A method and system for providing a perpendicular magnetic recording head, and the head so formed, are disclosed. The method comprises depositing an underlayer directly on an insulating layer. The underlayer may include at least one of a nonferromagnetic metal, silicon oxide, and silicon nitride. A pole layer, which has a pole removal rate, is provided on the underlayer. The method and system further comprise forming a perpendicular magnetic recording pole from the pole layer. The perpendicular magnetic recording pole has a top and a bottom that is narrower than the top. The forming the perpendicular magnetic recording pole further includes removing a portion of the pole layer such that a pole removal rate for the pole layer is less than or substantially equal to a removal rate of the underlayer during the removing step.

BRIEF DESCRIPTION OF SEVERAL VIEWS OF THE DRAWINGS

FIG. 1 is diagram depicting a conventional perpendicular magnetic recording head.

FIG. 2 is a flow chart depicting a conventional method for fabricating a perpendicular magnetic recording pole.

FIGS. 3A-3C depict a perpendicular magnetic recording pole formed in accordance with an exemplary embodiment of the present invention.

FIG. 4 depicts a perpendicular magnetic recording transducer formed in accordance with an exemplary embodiment of the present invention.

FIG. 5 depicts a perpendicular magnetic recording transducer formed in accordance with another exemplary embodiment of the present invention.

FIG. 6 depicts a perpendicular magnetic recording transducer formed in accordance with another exemplary embodiment of the present invention.

FIG. 7 depicts a perpendicular magnetic recording transducer formed in accordance with another exemplary embodiment of the present invention.

FIG. 8 depicts a perpendicular magnetic recording transducer formed in accordance with another exemplary embodiment of the present invention.

FIG. 9 is a flow chart depicting one embodiment of a method in accordance with the present invention for fabricating a perpendicular magnetic recording pole in accordance with an exemplary embodiment of the present invention.

FIG. 10 is a flow chart depicting one embodiment of a method in accordance with the present invention for fabricating a perpendicular magnetic recording pole in accordance with another exemplary embodiment of the present invention.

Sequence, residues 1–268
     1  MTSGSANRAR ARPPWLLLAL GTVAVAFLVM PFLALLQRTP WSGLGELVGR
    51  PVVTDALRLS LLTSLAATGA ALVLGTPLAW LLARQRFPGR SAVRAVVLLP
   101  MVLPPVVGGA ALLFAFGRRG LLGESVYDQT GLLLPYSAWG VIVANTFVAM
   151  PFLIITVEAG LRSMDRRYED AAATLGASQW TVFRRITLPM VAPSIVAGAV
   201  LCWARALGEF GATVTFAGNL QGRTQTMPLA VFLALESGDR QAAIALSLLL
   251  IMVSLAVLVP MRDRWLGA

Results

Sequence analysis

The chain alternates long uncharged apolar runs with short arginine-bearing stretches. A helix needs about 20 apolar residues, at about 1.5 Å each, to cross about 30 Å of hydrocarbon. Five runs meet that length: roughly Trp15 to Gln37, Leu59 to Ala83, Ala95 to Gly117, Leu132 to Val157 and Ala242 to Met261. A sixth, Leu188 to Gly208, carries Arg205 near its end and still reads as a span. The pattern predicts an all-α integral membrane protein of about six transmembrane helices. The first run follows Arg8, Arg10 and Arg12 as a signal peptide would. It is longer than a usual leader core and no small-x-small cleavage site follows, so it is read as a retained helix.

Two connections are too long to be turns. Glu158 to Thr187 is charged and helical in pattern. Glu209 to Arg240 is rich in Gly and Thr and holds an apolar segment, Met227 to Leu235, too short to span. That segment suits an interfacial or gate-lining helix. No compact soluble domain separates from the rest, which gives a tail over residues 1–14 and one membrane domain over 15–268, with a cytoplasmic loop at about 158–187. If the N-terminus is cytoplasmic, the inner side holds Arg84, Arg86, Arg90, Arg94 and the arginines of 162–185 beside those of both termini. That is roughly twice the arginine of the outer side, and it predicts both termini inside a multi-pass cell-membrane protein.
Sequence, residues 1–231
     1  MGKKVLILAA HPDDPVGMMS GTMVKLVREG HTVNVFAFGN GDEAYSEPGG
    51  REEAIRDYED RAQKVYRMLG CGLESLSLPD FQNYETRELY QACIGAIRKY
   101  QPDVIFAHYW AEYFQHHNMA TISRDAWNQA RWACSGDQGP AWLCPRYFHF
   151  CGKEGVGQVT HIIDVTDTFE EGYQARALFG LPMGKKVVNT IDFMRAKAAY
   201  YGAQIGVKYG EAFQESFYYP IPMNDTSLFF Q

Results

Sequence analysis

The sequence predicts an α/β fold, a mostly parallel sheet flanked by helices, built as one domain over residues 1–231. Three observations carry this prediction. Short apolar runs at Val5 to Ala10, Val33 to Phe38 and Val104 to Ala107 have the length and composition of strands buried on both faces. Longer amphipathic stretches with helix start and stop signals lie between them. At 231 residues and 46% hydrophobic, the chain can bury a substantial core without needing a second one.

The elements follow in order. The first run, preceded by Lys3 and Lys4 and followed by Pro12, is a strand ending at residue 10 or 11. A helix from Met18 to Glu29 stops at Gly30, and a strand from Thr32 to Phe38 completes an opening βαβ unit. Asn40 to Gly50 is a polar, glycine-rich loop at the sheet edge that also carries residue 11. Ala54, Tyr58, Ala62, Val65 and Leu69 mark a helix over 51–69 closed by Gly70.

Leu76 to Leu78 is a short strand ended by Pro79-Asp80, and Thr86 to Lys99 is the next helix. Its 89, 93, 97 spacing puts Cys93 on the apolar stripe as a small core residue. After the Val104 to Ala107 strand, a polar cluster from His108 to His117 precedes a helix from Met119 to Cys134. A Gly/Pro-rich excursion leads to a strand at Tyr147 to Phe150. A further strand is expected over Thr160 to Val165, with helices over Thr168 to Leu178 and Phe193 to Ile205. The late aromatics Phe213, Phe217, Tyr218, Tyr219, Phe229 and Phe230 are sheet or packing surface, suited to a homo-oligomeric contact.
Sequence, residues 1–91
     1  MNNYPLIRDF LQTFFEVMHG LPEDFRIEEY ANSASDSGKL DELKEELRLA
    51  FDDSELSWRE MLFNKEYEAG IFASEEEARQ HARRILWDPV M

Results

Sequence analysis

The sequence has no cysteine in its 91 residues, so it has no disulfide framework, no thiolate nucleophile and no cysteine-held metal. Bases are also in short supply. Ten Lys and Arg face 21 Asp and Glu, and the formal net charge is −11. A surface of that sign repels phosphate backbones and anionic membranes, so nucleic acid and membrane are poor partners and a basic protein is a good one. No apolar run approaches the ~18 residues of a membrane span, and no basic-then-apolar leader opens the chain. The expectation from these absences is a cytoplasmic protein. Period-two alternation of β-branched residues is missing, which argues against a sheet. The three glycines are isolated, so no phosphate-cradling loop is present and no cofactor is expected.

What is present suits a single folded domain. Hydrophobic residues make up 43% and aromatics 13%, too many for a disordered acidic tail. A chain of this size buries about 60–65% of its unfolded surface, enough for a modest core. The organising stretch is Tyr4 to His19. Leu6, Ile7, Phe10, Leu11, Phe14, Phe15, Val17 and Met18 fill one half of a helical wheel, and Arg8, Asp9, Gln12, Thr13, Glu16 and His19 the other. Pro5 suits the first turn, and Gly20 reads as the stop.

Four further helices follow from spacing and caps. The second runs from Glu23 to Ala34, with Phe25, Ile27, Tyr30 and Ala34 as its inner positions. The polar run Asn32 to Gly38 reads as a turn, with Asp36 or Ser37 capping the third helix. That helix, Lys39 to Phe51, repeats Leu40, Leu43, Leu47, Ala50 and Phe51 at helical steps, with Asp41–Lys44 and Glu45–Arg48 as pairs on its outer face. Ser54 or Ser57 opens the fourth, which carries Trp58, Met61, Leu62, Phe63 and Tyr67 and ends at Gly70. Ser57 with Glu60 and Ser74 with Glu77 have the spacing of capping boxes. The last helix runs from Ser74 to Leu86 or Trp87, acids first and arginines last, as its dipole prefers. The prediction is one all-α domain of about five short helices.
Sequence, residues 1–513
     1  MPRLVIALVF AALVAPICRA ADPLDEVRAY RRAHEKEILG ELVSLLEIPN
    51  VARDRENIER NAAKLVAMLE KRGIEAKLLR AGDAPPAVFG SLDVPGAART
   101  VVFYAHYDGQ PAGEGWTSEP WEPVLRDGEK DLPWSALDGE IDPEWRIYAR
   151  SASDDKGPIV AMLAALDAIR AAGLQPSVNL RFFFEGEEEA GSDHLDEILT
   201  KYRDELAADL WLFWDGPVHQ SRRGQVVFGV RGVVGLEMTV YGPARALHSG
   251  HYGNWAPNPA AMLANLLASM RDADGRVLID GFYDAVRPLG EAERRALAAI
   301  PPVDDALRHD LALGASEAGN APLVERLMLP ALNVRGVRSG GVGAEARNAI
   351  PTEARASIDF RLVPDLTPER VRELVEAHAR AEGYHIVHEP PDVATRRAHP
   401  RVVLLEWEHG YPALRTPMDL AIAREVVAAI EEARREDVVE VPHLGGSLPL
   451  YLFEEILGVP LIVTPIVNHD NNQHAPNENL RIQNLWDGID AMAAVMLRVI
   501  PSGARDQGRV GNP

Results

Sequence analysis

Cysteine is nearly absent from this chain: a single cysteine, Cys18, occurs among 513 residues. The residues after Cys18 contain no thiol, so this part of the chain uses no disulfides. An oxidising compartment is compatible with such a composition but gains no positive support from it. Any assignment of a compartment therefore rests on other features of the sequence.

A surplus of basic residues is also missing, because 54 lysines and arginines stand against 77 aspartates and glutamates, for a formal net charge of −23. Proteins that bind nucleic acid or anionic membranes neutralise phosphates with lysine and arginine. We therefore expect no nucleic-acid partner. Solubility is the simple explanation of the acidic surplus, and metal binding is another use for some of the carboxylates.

FIG. 11 is a flow chart depicting a method for providing a perpendicular magnetic recording transducer in accordance with an exemplary embodiment of the present invention.

DETAILED DESCRIPTION OF THE PREFERRED EMBODIMENTS

FIGS. 3A-3C depict a portion of a PMR transducer 100 formed in accordance with an exemplary embodiment of the present invention during various stages of fabrication. To enhance clarity FIGS. 3A-3C are not drawn to scale. FIG. 3A depicts an insulator 102, underlayer 104, an optional intermediate layer 105, PMR pole layer 106, a chemical mechanical planarization (CMP) stop layer 108, hard mask 110, and mask 112. The underlying insulator 102 may includes materials such as Al2O3. The underlayer 104 resides directly on the insulator 102. The underlayer 104 preferably is a nonferromagnetic metal, silicon oxide, or silicon nitride. For example, the underlayer 104 may include NiNb, Ru, Rh, and NiFeCr. In one embodiment, the underlayer 104 includes a NiNb/Ta bilayer. In another embodiment, the underlayer 104 may be a laminate of multiple layers, which may include the materials NiNb, Ru, Rh, and NiFeCr. In one embodiment, the underlayer 104 thickness is between five hundred and three thousand Angstroms. The thickness of the underlayer 104 is preferably substantially the same as the pole layer 106. However, in another embodiment, the underlayer 104 may have another thickness. The intermediate layer 105 is optional. When used, the intermediate layer 105 preferably includes materials such as Ta. The thickness of the intermediate layer 105 is less than or substantially equal to one thousand Angstroms. However, in a preferred embodiment, the thickness of the intermediate layer 105 is less than or substantially equal to one hundred Angstroms. In a preferred embodiment, if the intermediate layer 105 is present, then the underlayer 104 is a NiNb/Ta bilayer. Consequently, the combination of the underlayer 104 and the intermediate layer 105 form a Ta/NiNb/Ta trilayer. The PMR pole layers 106 are magnetic and formed on the underlayer 104, preferably after a seed layer (not shown) is provided. The CMP stop layer 108 preferably includes materials such as Ta and TaN. The hard mask 110 may include Al2O3. The mask 112 is preferably either photoresist mask or a NiFe hard mask.

FIG. 3B depicts the PMR transducer 100 after the pole trim has been performed, preferably using ion milling, in order to define the PMR pole 106′ depicted. Consequently, the PMR pole 106′ has been formed. The PMR pole 106′ has a negative angle, allowing the top of the PMR pole 106′ to be wider than the bottom, as shown in FIG. 3B. During the pole trim, the underlayer 104 and intermediate layer 105 are also etched, leaving the underlayer 104′ and the intermediate layer 105′, respectively. During the pole trim that forms the PMR pole 106′, the removal rate of the PMR pole layer 106 is less than or substantially equal to a removal rate of the underlayer 104. Consequently, the underlayer 104′ has the profile depicted. Also shown are remaining hard mask 110′ and CMP stoop layer 108′.